05 April 2013

A Dialogue With Francis Bennett

The following is a dialogue between Francis Bennett, with whom I have had some communication over the years. Look him up on Facebook. He has deep experience as a counselor and we tend to see things very much alike.

Francis Bennett:

If we are able to watch our fear, our sorrow, our distress, our anxiety whatever it is, we prove by that ability that we are not that which we can observe. We cannot be anything we experience as an object. We perceive our true self simply by being that self.

  • Shane Sheila Very good
    2 hours ago via mobile · Like
  • Ed Muzika No, we don't perceive our true self by being that self. We apperceive it, meaning at first we know it is true. It is not an experience, but an intuition, a knowledge. Gradually the feeling grows as an intuition, a conviction, that I am that which has the knowledge and is beyond both experience and knowledge. Beyond, in the sense of prior to.

    However, later comes the understanding that we are also that which we perceive, feel, love, and serve. We are everything, both the witness which is a pure knowledge of the unmanifest, and everything in the manifest, including Self as manifest, as the divine, appearing as God, but which is really us.
    2 hours ago · Like · 3
  • Francis Bennett Yes Ed, I agree with you. I think both statements are true on different levels. What I am trying to point to here is our ability to dis-identify from all our distresses, to not feel that the feeling I am feeling right now, no matter how overwhelming, is ultimately "me" or is the entirety of what or who I am. In offering a lot of spiritual direction and pastoral counseling over the years I have found this to be very useful for folks who are feeling overwhelmed and taken over by difficult feeling states. But I don't feel we are essentially in disagreement, just speaking from different perspectives, different angles. If you look at a mountain from one direction you will see a seemingly different mountain than if you look at the same mountain from another direction! 
  • Francis Bennett The key word in my above comment is that the feeling state is not "ultimately" me. In other words...while you are correct in saying that ALL is ultimately the Self. we are never CONFINED to be any one thing on any absolutr level...Does that make sense? 
  • Francis Bennett I think Ed you speak here of the "collapse" of the witness. While I know it is true that the witness does eventually collapse, i think for many, being aware of the witness initially can be very skillful and helpful in navigating difficult feeling states that they may be experiencing and feeling overwhelmed by.
  • Francis Bennett I should have said," We cannot ULTIMATELY be anything we can observe as an object". However you are right that, since that object arises and ceases in THAT which we are...that object IS INDEED, a temporary manifestation of That also. You were quite right to correct my wording, which is often quite flawed. Sorry!
  • Paul Schwartz I'm confused--wasn't it Krishnamurti that said the observer and the observed are one--was he pointing to what Ed was pointing to? 
  • Stephen C. Galleher What a great thread! Both Ed's response and Francis's dialogue with Ed and with himself have elucidated a very tricky and profound point. Thank you, gentleman!
    about an hour ago via mobile · Unlike · 2
  • Ed Muzika I agree with you completely Francis. What I see is a continuum of experiences or "rooms" of identification. Sometime you can be the witness, sometime you can be the emptiness or void that contains all inner phenomena, sometimes you can be the external space that eats up all objects in its oneness. Sometimes you can be a human falling in love with a tree, a cat or a woman. Sometime you can be ecstatic bliss that arises just before the Self reveals itself as the "other," or God inside you. Sometime you can be that arising God energy or goddess within you.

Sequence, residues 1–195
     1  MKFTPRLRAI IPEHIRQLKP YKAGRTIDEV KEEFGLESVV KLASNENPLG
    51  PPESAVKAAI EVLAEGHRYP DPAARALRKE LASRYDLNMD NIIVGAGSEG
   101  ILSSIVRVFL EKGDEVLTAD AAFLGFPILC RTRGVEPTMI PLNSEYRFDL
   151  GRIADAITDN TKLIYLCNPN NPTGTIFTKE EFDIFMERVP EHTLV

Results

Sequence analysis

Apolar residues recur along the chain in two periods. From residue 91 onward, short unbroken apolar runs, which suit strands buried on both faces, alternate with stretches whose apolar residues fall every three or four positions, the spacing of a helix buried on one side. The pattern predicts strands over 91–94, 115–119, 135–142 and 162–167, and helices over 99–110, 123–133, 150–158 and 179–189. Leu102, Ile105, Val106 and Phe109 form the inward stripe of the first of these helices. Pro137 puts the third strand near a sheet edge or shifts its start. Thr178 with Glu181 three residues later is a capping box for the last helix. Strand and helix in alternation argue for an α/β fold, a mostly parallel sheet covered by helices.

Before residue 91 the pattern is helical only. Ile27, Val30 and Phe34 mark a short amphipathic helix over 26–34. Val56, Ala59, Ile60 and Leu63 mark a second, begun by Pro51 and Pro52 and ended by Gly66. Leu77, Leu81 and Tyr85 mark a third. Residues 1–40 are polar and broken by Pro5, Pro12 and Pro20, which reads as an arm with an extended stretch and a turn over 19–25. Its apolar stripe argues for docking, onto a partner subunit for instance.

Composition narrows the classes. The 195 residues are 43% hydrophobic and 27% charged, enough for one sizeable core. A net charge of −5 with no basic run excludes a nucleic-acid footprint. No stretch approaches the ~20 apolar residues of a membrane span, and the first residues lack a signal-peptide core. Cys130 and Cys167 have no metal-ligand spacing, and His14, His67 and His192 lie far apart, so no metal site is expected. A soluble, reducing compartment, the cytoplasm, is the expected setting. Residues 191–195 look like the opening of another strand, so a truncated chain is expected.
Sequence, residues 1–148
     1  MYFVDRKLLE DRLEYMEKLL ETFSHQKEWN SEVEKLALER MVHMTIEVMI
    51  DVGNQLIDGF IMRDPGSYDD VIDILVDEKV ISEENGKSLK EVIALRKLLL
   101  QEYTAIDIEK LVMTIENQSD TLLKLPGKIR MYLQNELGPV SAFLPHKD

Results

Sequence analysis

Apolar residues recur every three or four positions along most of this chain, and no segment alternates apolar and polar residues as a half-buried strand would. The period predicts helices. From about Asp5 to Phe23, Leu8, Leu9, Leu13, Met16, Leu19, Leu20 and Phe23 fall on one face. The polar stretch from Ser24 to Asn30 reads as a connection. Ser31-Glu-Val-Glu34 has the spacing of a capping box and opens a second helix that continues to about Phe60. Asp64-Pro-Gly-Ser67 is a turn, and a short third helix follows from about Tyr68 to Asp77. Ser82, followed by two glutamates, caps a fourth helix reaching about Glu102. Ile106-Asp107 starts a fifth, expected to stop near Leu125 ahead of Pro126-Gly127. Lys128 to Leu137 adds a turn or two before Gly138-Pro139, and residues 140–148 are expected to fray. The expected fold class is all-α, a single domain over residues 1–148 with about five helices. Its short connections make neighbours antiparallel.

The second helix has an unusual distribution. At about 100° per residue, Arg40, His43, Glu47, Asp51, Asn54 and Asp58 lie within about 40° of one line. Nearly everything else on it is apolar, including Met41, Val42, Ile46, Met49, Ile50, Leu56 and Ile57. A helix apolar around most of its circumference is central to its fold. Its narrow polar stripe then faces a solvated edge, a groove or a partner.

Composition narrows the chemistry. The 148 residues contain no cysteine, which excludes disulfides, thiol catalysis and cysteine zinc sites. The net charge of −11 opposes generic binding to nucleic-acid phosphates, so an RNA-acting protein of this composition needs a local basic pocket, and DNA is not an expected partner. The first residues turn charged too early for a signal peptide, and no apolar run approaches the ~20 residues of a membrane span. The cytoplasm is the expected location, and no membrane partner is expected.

I call it an ability to pass through various rooms of spiritual experience, and freely identify or not with any room or its contents.

    I think that some non-traditional Advaitists can all too easily be stuck in a prior to consciousness, witness or Absolute and die there as an emotionless zombie, while a neo Advaitan is caught in the beingness of now as are many Zen practitioners. 

    Personally, I now emphasize love, human love as an entrance of Self Realization through recognition of God in another, allowing it to arise in ourselves through true devotion and surrender. Or, becoming aware of inner states of bliss and energy/light that also arise through ecstatic love.

    Personally I teach this way more now because I enjoy the beings I meet in this Bhaktic room, and I think these kind of people don't ever become lifeless zombies, but saints who actually are of service to the world.
  • Ed Muzika Paul, K. was talking about an experience where there is no apparent boundary between the seer and the seen. They are one. You become one with the sunset, etc. This is just one kind of spiritual experience. One class of experience so to speak. Different teachers emphasize different classes of experience as "ultimate."

    I like my students to get to know many classes and choose where they want to spend most time, or let the rooms choose them.
    27 minutes ago · Like · 2
  • Paul Schwartz Thanks for expressing, Ed--and Francis--I've always been curious about this "experience."
  • Francis Bennett Yes Ed, I am more and more seeing the wonder of deep integration of the Absolute and relative. This is what you represent here so beautifully! Thank you! 
  • Ed Muzika Thank you Francis.
    8 minutes ago · Like · 1

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